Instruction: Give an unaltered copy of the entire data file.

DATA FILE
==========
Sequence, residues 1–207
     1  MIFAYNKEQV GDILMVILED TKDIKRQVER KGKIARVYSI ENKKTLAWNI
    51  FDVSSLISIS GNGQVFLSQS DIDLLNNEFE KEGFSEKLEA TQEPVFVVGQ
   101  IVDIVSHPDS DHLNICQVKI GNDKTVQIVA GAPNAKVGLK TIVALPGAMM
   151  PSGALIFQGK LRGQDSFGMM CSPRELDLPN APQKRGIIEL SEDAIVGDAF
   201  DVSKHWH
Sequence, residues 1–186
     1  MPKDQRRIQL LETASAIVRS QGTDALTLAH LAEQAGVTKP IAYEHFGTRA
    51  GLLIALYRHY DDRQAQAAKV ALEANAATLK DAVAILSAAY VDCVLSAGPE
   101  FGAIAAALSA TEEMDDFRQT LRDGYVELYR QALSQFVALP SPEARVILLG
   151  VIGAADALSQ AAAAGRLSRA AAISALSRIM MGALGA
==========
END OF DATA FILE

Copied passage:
Sequence, residues 1–207
     1  MIFAYNKEQV GDILMVILED TKDIKRQVER KGKIARVYSI ENKKTLAWNI
    51  FDVSSLISIS GNGQVFLSQS DIDLLNNEFE KEGFSEKLEA TQEPVFVVGQ
   101  IVDIVSHPDS DHLNICQVKI GNDKTVQIVA GAPNAKVGLK TIVALPGAMM
   151  PSGALIFQGK LRGQDSFGMM CSPRELDLPN APQKRGIIEL SEDAIVGDAF
   201  DVSKHWH
Sequence, residues 1–186
     1  MPKDQRRIQL LETASAIVRS QGTDALTLAH LAEQAGVTKP IAYEHFGTRA
    51  GLLIALYRHY DDRQAQAAKV ALEANAATLK DAVAILSAAY VDCVLSAGPE
   101  FGAIAAALSA TEEMDDFRQT LRDGYVELYR QALSQFVALP SPEARVILLG
   151  VIGAADALSQ AAAAGRLSRA AAISALSRIM MGALGA